Contract Design When Relationship-Specific Investment Produces Asymmetric Information

Journal of Legal Studies, Forthcoming

U of Michigan Law & Econ Research Paper No. 19-014

34 Pages Posted: 8 Feb 2019 Last revised: 16 Jun 2021

See all articles by Albert H. Choi

Albert H. Choi

University of Michigan Law School

George G. Triantis

Stanford Law School

Date Written: June 16, 2021

Abstract

Under conventional contract theory, contracts may be efficient by protecting relationship-specific investment from hold-up in subsequent (re)negotiation over terms of trade. This paper demonstrates a different problem than hold-up when specific investment also provides significant private information to the investing party. This is fairly common: e.g., a manufacturer invests to learn about its buyer’s idiosyncratic needs or a collaborator invests to learn about a joint venture. We show how such private information can lead to subsequent bargaining failure and sub-optimal ex ante relationship-specific investment. We also show that this inefficiency is worse if the parties enter into a binding and renegotiable contract to trade before the investment is made. This may explain why some preliminary agreements are expressly non-binding. Finally, we demonstrate that parties may reduce the inefficiency by agreeing to negotiate in good faith or other such “knowledge-based” provisions, especially when these promises are backed by expectation rather than reliance damages.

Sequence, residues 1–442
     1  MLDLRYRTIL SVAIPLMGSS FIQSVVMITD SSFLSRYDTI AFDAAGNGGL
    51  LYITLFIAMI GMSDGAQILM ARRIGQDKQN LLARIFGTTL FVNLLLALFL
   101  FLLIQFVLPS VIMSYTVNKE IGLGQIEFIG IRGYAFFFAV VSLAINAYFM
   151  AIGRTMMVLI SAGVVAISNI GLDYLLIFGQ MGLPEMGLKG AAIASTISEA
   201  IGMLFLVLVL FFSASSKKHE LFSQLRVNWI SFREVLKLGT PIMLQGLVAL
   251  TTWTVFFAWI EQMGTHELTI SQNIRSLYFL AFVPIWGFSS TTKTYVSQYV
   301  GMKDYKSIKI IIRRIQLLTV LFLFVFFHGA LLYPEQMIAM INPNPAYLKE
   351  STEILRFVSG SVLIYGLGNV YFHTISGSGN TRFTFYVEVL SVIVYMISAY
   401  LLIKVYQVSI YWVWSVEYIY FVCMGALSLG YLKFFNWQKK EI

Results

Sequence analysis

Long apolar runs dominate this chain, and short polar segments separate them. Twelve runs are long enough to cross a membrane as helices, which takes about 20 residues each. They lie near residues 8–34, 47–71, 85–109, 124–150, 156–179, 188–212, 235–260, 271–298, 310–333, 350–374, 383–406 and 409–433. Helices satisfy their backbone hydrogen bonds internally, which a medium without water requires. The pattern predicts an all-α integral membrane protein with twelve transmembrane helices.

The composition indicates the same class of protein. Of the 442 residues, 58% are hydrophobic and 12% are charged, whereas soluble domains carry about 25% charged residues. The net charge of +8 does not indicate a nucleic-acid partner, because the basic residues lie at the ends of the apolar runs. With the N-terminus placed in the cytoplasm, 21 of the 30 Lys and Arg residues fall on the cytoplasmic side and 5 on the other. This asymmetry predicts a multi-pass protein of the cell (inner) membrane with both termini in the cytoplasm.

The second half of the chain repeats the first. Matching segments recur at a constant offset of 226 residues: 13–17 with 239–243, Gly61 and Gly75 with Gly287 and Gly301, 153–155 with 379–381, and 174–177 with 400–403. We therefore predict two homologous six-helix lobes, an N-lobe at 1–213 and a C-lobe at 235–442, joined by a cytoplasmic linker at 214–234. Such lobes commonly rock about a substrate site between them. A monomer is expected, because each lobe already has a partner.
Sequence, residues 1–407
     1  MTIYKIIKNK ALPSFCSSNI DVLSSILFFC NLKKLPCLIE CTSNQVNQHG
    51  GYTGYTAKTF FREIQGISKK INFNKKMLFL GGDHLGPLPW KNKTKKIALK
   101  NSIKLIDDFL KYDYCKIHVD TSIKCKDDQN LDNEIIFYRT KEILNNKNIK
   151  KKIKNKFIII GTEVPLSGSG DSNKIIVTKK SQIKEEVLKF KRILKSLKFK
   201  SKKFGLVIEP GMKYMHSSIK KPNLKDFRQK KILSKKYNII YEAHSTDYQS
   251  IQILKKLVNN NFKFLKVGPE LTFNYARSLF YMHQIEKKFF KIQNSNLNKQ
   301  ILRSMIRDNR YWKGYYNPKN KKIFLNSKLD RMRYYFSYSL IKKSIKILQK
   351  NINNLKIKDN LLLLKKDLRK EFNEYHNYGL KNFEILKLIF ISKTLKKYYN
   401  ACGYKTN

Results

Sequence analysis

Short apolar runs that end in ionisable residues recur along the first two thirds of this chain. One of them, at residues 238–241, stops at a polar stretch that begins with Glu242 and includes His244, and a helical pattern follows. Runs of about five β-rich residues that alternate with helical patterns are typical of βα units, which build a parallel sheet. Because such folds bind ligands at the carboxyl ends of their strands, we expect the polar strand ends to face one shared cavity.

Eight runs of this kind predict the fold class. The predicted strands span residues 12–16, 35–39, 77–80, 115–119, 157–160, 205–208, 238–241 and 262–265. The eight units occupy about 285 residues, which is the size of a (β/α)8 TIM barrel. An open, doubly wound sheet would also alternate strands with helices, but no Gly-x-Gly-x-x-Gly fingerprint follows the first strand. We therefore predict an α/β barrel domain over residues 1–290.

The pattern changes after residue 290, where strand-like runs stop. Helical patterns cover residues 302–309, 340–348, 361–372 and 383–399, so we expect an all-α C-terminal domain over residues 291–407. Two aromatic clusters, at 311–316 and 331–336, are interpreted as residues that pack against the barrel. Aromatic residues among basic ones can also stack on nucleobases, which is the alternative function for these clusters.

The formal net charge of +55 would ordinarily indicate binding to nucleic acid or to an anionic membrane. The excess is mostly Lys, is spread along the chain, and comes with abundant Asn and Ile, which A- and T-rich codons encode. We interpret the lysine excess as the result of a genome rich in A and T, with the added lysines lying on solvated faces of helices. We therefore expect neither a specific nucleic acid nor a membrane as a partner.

Keywords: Preliminary Agreement, Letter of Intent, Memorandum of Understanding, Term Sheet, Duty to Negotiate in Good Faith

Suggested Citation

Choi, Albert H. and Triantis, George G., Contract Design When Relationship-Specific Investment Produces Asymmetric Information (June 16, 2021). Journal of Legal Studies, Forthcoming, U of Michigan Law & Econ Research Paper No. 19-014, Available at SSRN: https://ssrn.com/abstract=3330973 or http://dx.doi.org/10.2139/ssrn.3330973

Albert H. Choi (Contact Author)

University of Michigan Law School ( email )

625 South State Street
Ann Arbor, MI 48109-1215
United States

HOME PAGE: http://www.law.umich.edu/FacultyBio/Pages/FacultyBio.aspx?FacID=alchoi

George G. Triantis

Stanford Law School ( email )

559 Nathan Abbott Way
Stanford, CA 94305-8610
United States

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